Resilience

Resilience

It seemed like the sky was the limit. In a matter of weeks, we descended into a land plunged into a sea ruffled with anxiety and uncertainty. The novel coronavirus turned our lives inside out, with far-reaching repercussions that one cannot estimate accurately at this stage.

Let's be honest. We were not prepared to face this. It is therefore a time of resistance and resilience. And the biggest test is yet to come. As mentioned by the Chief Executive, Ho Iat Seng, in the open letter he sent to the population this week, preventing and fighting the epidemic "is now entering an even tougher and more difficult phase". The unprecedented and courageous decision to temporarily shut down the casinos was inevitable given the worsening of the crisis, and it could even have been taken some days before. Generally speaking, Macau authorities - starting with Ho Iat Seng - have been swift and firm in their responsiveness to these unprecedented challenges paving to the way to the much-cherished climate of trust.

Nevertheless one needs to thoroughly and seriously the risks posed by frequent border crossings. The situation across the Border Gate is sounding the alarm given the number of people infected in Zhuhai, which is almost twice that of some other neighboring cities in the Greater Bay Area.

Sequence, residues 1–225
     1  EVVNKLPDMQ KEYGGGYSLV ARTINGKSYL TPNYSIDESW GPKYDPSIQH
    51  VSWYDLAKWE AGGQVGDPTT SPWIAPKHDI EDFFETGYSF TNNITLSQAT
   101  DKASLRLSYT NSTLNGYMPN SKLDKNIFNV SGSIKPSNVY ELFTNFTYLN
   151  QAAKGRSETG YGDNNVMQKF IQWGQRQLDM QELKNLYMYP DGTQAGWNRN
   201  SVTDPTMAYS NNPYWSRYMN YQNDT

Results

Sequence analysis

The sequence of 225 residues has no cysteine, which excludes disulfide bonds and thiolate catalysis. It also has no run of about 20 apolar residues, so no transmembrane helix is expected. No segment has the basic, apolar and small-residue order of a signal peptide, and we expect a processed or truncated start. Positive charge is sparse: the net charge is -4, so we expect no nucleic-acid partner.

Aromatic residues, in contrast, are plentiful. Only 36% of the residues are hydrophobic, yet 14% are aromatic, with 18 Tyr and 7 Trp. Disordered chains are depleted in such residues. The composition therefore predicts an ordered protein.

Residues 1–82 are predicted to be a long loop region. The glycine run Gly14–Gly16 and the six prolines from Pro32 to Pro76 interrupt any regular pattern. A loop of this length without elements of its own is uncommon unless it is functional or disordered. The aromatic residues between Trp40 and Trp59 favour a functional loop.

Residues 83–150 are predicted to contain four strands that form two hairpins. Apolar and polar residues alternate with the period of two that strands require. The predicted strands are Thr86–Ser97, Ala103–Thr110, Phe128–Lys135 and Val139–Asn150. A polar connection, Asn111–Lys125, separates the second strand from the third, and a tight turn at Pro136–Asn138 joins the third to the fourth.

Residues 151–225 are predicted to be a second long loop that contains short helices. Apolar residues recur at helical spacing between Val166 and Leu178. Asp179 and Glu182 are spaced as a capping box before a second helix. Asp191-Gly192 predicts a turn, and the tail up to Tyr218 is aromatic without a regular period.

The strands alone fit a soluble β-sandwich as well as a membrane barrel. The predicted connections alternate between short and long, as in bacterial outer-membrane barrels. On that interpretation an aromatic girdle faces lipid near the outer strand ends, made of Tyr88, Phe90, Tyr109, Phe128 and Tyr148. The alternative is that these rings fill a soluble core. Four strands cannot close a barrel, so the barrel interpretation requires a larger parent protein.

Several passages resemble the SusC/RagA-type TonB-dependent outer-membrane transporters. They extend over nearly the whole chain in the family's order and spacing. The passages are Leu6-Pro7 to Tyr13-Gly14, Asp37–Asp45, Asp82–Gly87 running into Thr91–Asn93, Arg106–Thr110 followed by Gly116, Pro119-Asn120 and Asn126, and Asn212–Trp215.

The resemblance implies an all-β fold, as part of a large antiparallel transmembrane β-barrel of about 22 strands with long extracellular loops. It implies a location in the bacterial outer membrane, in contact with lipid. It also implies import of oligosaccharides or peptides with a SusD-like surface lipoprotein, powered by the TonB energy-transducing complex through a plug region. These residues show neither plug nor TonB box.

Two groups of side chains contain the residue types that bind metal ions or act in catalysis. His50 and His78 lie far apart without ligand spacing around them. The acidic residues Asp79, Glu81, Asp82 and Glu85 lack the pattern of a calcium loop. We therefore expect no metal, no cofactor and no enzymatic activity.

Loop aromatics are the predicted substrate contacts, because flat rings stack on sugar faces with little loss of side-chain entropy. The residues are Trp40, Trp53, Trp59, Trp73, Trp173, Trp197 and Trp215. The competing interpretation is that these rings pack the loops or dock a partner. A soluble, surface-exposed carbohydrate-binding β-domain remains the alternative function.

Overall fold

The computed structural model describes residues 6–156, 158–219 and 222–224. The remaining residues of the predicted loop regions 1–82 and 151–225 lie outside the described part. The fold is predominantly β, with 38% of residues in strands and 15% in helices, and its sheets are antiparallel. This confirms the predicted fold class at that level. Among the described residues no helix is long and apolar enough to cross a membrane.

It is time for solidarity, science, transparency, compassion, responsiveness from the authorities and true sense of citizen and corporate social responsibility. It is time of refusal of stigma and xenophobia and rejection of ignorance, intolerance and prejudice.

The recently announced first batch of measures by the Government aimed at lending support to families and businesses are surely only a first step. More, much more is to come. As Macau has been saving for the rainy day, time has come to allocate part of the over 500 billion pataca reserve fund that has been piling up thanks to a windfall of budget surpluses.

On top of that, companies, namely large scale corporations who profited millions and billions during the nearly two decades of economic boom, have the duty to rise to the challenge and give back to the society by protecting their labor force (residents and migrant workers) who are quite often the first casualties of these crises.

The city that has been flying high splendidly must now rise energized by the strength that stems from being humble before life.

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